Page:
For those of you who want to learn more about Mrs. Kennedy, and I call her Mrs. Kennedy instead of Mrs. Onassis because the stories were when she was JFK’s wife, I encourage you to read Mrs. Kennedy and Me as well as Five Days in November, both written by Agent Clint Hill.


The movie, Jackie sucked. Jackie, played by Natalie Portman, was not Jackie. She had little charisma, First Lady presence, and strength. This was the First Lady who managed to charm the President of France, President de Gaulle, the leader who was notoriously known for being not so easy-going. Jackie used her fluency in French and her deep knowledge of the country (she had studied there during college) that helped build a positive relationship between President Kennedy and President de Gaulle. She was the woman whom JFK had joked in speeches that he was honored to be accompanying her on trips.

Contrary to the movie, Continue reading…

China’s One Child Policy and JFK’s Death

One decision cost a country its leader’s life. One decision left a country with damages that will take decades to undo.

“It’s unsafe. It’s open space.”

“It’ll be good for publicity.”

“We won’t be able to adequately protect him.”

“We’ll have motorcades. We’ll have patrolmen in the front and back.”

“Someone can still shoot in this open space.”

“The limousine has no top.”

“He and the Governor will be closer to the crowd. Political overtone.”

He was the first Chairman of the Communist Party of China, Chairman Mao. Continue reading…

Safety Tips as a Solo Female Traveler

When I was working at company John Doe, I was in charged of monitoring the voice messages from the tip line. These voicemails ranged from compliments to tips to threats. Whenever there was a threat, the protocol was to transcribe the message and pass it along to a group of executives. I took this responsibility very seriously and transcribed every word of any type of threat. Threats included profanity towards the owner of company John Doe; other threats were “I’m going to kill you, [owner of company John Doe].” I was unable to tell the seriousness of each threat so I reported all of them. Better to be safe than sorry.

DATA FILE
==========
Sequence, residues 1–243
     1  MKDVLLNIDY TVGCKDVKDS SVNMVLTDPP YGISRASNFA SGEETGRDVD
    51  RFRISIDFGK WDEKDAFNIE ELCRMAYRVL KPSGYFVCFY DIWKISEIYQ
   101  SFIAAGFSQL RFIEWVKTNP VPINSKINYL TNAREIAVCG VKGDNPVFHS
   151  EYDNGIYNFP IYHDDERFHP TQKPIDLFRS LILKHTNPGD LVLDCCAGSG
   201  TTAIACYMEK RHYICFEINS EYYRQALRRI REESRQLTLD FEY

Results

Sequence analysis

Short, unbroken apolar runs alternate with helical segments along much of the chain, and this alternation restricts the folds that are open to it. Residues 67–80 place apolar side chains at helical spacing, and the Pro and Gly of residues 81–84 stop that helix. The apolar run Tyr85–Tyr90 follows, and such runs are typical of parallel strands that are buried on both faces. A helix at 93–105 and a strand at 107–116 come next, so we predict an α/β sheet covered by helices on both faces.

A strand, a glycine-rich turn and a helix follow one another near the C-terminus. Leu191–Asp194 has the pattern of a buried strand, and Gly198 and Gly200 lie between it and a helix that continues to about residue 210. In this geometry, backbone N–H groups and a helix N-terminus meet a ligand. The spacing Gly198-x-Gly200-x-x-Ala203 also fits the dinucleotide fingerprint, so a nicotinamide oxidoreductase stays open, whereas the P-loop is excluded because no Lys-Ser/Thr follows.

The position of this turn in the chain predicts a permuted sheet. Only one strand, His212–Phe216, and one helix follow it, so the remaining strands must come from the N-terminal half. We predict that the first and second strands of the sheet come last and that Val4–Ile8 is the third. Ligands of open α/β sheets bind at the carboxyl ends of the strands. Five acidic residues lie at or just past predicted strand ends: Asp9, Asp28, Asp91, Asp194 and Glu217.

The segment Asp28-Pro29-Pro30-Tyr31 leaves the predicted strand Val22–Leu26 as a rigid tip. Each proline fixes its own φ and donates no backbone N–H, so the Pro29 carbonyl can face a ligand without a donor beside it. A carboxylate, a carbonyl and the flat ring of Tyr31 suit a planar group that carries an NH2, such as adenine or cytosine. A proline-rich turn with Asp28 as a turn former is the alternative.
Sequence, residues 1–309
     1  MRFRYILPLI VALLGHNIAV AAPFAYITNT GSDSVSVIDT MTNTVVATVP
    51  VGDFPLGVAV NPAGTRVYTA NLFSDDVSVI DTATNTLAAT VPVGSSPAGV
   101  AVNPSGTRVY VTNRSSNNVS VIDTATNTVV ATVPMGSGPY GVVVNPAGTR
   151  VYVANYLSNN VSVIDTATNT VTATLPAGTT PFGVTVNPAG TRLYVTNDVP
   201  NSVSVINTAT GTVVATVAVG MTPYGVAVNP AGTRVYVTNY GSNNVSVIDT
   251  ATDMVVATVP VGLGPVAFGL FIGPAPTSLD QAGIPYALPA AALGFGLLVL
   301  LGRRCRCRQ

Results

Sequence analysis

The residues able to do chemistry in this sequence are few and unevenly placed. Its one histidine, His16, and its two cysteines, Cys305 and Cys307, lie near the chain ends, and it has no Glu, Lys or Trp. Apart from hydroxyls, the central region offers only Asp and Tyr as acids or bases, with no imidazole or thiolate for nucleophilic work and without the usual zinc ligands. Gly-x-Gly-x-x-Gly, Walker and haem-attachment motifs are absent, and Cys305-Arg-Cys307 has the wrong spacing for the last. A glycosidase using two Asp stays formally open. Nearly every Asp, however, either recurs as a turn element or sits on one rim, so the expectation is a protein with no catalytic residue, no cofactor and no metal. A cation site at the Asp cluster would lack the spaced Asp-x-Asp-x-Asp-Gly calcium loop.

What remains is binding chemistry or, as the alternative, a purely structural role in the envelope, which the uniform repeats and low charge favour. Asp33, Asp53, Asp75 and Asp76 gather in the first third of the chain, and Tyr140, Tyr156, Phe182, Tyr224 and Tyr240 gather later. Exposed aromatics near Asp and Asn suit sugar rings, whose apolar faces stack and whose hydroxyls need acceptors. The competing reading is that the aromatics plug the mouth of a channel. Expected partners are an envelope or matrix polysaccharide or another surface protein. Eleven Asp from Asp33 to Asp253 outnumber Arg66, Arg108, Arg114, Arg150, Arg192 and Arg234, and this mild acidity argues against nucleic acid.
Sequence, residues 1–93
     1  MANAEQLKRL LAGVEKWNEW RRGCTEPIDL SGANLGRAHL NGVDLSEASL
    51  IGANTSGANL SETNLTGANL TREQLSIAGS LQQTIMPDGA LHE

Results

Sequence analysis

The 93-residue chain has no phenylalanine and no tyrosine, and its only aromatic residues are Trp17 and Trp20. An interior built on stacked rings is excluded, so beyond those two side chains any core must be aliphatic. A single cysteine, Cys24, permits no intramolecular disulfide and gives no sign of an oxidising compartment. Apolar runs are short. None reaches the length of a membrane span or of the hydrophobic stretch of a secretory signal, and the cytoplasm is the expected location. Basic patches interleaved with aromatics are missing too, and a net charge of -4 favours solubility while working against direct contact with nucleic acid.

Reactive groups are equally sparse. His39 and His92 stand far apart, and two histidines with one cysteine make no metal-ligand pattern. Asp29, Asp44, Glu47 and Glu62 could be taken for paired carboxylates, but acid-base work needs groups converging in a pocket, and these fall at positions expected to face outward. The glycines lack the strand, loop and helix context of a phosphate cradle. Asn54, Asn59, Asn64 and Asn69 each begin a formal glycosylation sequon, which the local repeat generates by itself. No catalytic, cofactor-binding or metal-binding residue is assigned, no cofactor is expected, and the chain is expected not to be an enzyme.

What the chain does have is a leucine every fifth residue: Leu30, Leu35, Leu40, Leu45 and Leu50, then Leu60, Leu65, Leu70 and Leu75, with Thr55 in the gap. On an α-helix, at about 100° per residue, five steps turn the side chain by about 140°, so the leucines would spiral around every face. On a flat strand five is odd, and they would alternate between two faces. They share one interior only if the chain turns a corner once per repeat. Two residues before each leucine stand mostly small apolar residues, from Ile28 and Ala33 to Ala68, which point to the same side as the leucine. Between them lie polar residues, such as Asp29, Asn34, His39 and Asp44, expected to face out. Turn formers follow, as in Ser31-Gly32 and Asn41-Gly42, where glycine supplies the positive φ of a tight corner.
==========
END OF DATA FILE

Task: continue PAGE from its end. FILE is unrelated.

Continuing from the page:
One day, I received a phone call. It was the delivery guy from Seamless. After I picked up my lunch from him, the security manager for company John Doe called me. He told me that my emails containing these transcribed threats were helpful then he taught me how to evalute the seriousness of a threat. He said if people call and leave a message with very specific details of what they will do, that is a red flag. An example of a clear threat would be callers providing exactly what they were going to do at a specific time and location.

A few months later, during lunchtime, I received a phone call. The caller was a male who had a very deep voice. It was a wrong number. Moments later, Continue reading…

Being in a Strange Place

This is the beginning of a creative writing assignment I did earlier this year. Enjoy.


“We’re waiting for the other cars to go down the mountain, one hour break,” the bus driver said.